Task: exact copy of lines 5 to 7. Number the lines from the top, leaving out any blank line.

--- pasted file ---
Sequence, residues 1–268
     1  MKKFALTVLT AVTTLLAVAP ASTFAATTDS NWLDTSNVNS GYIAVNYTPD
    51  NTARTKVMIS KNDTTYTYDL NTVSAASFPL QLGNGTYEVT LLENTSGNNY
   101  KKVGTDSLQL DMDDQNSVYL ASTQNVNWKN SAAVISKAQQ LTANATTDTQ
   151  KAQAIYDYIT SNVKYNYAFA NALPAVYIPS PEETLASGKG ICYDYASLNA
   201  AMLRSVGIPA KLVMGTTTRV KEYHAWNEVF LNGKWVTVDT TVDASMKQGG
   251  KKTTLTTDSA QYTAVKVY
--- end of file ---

   151  KAQAIYDYIT SNVKYNYAFA NALPAVYIPS PEETLASGKG ICYDYASLNA
   201  AMLRSVGIPA KLVMGTTTRV KEYHAWNEVF LNGKWVTVDT TVDASMKQGG
   251  KKTTLTTDSA QYTAVKVY